It's a question that is regularly asked, but not always accurately answered.It confuses, perplexes, and even angers both Christians and non-Christians alike.But some moments spin out of control before we even open our mouths to respond.

is dating an unbeliever sin-21

Perfect in the sense that he was almost exactly like me, we liked the same things, had the same tastes, he knew what kind of stuff I would like, we even supported the same football team… All except for the fact that he wasn't a Christian.

It didn't matter to me at first, but I think all along at the back of my mind, I knew it would be an issue someday.

Everyone (including myself, sometimes) thought I was nuts and couldn't for the life of them understand it.

I'm not sure he did either, and for that I am the most sorry.

Something so good, is so bad cause I’ve dedicated my life to Christ and my bf has chosen his own path. If you know someone who is in a committed relationship of which you do not approve, an excellent question to ask yourself—especially before venturing to offer any opinion on that relationship—is whether or not anyone but you gives a rolled-up church bulletin what you think of that relationship.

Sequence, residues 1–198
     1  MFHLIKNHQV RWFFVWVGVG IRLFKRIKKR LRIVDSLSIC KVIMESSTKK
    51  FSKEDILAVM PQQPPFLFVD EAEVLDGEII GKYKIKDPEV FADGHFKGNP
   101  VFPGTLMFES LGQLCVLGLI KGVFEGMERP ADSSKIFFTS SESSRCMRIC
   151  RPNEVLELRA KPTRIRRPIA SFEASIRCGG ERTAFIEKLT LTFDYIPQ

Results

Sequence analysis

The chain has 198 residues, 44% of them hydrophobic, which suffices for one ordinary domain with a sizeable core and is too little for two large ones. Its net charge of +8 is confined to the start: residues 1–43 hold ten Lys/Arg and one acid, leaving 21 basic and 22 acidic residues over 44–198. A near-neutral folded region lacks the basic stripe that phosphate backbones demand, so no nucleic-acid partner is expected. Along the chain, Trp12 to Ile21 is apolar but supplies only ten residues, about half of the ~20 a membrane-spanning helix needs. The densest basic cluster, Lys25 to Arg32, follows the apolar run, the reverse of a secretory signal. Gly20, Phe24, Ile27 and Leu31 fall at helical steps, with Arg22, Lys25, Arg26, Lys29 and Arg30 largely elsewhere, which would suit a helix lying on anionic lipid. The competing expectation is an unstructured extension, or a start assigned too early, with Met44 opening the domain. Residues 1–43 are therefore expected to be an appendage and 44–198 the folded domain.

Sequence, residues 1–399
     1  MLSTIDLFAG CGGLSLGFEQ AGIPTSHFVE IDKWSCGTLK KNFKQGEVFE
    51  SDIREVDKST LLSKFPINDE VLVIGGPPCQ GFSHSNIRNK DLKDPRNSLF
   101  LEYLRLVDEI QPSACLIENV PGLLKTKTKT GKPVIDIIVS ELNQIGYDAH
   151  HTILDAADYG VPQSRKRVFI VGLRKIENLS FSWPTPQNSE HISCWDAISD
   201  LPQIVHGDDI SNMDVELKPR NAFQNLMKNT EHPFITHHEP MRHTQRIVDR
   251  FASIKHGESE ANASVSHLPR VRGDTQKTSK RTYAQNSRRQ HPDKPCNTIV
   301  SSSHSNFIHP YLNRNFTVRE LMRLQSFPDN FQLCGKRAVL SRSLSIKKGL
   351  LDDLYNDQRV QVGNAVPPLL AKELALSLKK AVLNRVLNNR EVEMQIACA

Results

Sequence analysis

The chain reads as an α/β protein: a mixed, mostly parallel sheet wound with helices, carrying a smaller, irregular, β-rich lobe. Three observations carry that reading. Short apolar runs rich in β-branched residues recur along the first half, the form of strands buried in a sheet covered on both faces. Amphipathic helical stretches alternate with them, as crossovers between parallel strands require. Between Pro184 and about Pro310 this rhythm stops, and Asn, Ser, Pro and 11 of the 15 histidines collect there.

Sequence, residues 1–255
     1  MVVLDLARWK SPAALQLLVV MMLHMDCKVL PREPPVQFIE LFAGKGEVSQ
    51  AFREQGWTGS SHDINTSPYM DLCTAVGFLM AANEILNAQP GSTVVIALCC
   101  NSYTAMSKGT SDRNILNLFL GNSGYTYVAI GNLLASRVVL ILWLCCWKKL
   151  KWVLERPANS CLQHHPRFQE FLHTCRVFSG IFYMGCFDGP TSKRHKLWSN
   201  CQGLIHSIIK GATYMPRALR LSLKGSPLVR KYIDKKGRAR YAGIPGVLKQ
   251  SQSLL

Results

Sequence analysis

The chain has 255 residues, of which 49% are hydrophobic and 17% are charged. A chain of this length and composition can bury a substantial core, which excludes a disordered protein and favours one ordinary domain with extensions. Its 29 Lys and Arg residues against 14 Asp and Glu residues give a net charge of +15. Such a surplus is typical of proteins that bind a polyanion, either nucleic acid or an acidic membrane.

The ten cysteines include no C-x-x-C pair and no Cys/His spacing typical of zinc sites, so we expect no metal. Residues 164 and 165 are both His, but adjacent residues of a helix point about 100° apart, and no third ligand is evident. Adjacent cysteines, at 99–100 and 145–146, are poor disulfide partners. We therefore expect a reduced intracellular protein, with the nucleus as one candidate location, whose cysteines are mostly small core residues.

Dear Christians who make a point of letting their Christian friends who are in serious relationships with non-Christians know that they think it’s wrong for a Christian to date or marry a non-Christian: If I ever meet you, I am going to beat you up. More importantly, does anyone actually you’re a Christian, and be quiet about it? Offering unsolicited critical opinions of others makes you a toxic gossip, which is one of the lowest things anyone can be.

An idol is something that is held in higher esteem than God.

Since an unbeliever doesn't believe in God, to him everything is an idol, including his relationship with you.

A "yoke" was a farm implement that bound two animals together so that they could work together as a team.

Modern translations remove the "yoke" and translate the intent of the verse, warning believers, "Do not be bound together with unbelievers." Does this apply to marriage?

It sounds elitist, holier-than-thou, and downright condescending. I'm 28 this year, I'm single, and one of the most common things I hear from my friends goes something along the lines of: "Why so picky? If your standard not so high I would introduce you to my friend(s) already la." And while I wholly believe in their well-meant intentions, I think it’s about time someone explained the reason behind this "pickiness", lest it be classified as another irrational, snobbish Christian standard to live by.